My grandfather and his camera

By Jack Morton


MY GRANDFATHER AND HIS CAMERA

My first vivid recollection of seeing my Granddad taking a photograph takes me to 1983. I was 5 years old with a runny nose on a cold Linville day, and we were perusing Grandfather Lake in my grandparents electric-powered boat. My hooded, burnt orange ski jacket wasnt providing nearly enough comfortable warmth on the blustery day, and, in typical fashion, Hugh Morton captured the moment like no other photographer can. The framed, colorful image of my hooded face and runny nose has graced a wall in their den ever since, an image that will never stray far from my memory.

My Granddad, now 82, is a remarkable man. His years as a photographer are a timeline of the unique history of North Carolina and the United States since the mid-1930s. Images from his lenses have graced a variety of covers, from LIFE Magazine in 1947 to the Rand McNally US Atlas in 2000 and a plethora of published photographs in between. His first published photo appeared in a North Carolina tourism ad in Time Magazine in 1935; he was 14 years old. He has photographed a pantheon of notable figures including MacArthur, Kennedy, Sinatra, Jordan and Clinton. He had the vision in 1952 to convert a family inheritance of rugged land into one of the Southeasts most recognizable tourist attractions, maintaining its natural beauty in an era when neon signs serve to lure the vacationing family. My Granddad is deeply loyal in his stance on environmental issues, and his determination to fight acid rain, preserve natural beauty, and move the Cape Hatteras Lighthouse has inspired everyone from politicians to ordinary citizens who appreciate their state and its beauty. Hugh Morton has a knack for reaching people at their innermost core with his gentle, caring ways. His beliefs, photographs and family business are all extraordinarily meaningful to different people for a variety of reasons, and seemingly everyone he knows or meets has a desire to thank him for the singular way in which he has touched their lives.

The Mountain

The Linville area and Grandfather Mountains craggy peaks have served as an escape for members of my family for 118 years, even before Grandfather Mountain opened for business in 1952. In an effort to develop a quaint mountain town, my great-great grandfather Hugh MacRae founded the Linville Improvement Company in 1889, and my relatives have been heading to the high country ever since. It was a special opportunity as a 6-year-old to take my Cub Scout troop from Greensboro to the Mountain for a weekend of camping and hiking that included a chance to play with bear cubs, a common event in our family. Being a part of the habitat with these creatures was an exciting treat and still is today. Every member of our family and numerous celebrities and public figures have crossed the threshold for the sake of a memorable photograph.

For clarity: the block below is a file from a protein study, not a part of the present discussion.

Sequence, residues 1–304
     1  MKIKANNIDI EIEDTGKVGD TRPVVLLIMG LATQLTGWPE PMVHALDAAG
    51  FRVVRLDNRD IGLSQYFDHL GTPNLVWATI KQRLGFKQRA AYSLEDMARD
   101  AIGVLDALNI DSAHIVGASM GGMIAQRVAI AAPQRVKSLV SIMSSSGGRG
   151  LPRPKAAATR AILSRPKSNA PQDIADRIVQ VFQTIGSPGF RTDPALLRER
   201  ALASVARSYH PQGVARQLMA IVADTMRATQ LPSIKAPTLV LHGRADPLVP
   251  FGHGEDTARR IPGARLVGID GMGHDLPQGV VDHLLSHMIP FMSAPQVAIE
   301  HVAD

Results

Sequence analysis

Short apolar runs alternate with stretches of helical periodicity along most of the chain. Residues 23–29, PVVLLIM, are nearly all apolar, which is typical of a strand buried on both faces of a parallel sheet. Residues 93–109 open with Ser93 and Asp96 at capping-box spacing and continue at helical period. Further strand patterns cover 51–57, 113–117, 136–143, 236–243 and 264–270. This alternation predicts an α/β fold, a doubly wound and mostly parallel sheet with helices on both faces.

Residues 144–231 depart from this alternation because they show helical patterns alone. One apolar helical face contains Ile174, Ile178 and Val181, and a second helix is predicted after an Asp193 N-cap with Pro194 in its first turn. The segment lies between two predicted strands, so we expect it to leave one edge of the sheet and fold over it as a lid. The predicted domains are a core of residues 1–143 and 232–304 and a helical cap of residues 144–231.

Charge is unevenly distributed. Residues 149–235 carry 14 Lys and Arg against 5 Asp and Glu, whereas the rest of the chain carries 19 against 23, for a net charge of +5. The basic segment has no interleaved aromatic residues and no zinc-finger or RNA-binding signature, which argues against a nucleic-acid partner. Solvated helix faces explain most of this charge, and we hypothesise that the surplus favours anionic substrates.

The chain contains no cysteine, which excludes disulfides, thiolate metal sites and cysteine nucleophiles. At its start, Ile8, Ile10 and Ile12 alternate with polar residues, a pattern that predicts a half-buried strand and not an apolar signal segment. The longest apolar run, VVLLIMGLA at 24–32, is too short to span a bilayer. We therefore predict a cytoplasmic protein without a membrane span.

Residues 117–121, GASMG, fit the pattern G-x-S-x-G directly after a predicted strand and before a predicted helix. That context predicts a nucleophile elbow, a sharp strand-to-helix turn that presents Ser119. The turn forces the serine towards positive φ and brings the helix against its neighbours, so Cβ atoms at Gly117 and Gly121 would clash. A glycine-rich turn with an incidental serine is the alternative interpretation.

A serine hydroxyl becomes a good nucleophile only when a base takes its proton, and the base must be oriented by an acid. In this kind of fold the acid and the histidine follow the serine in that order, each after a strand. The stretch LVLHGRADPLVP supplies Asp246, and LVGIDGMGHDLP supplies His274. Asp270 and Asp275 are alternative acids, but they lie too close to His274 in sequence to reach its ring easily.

This was not the first time, however, that I had snuggled with the fuzzy youngsters. In 1983, my Granddad, always cognizant of creating the memorable and unique, thought it a notable advertising opportunity to show a youngster playing with a bear cub in television spots for Grandfather Mountain. My introduction to the viewing audience was, Do you like bears? I love bears! They have lots of bears at Grandfather Mountain! The idea was good and the commercials were very funny and memorable, but were never televised. With sound advice from others and wisdom of his own, my Granddad feared that viewers would somehow interpret the ads as a promotion for children interacting with wild animals. He didn't want to mislead anyone, even at the expense of not using an extremely creative advertising opportunity in the process. That genuine care for the public and potential visitors to Grandfather Mountain is a quality Hugh Morton exudes, a virtue that helps support his footing as one of the countrys finest travel and tourism minds. Constantly searching for the new and unparalleled, the man who conceived the Mile High Swinging Bridge 51 years ago continues to astound his family, friends, the media and public with his flexibility in accepting change and his knack for embracing modification as an opportunity to improve and advance. It may sound odd to refer to a man with one replaced knee as flexible, but my Granddad has an open mind to everything new and different, and this acceptance is unequivocally related to Grandfather Mountains success and distinction. The Mountain is a direct reflection of Hugh Morton in his truest form; preserved in its original splendor, yet adapted to change with class and integrity.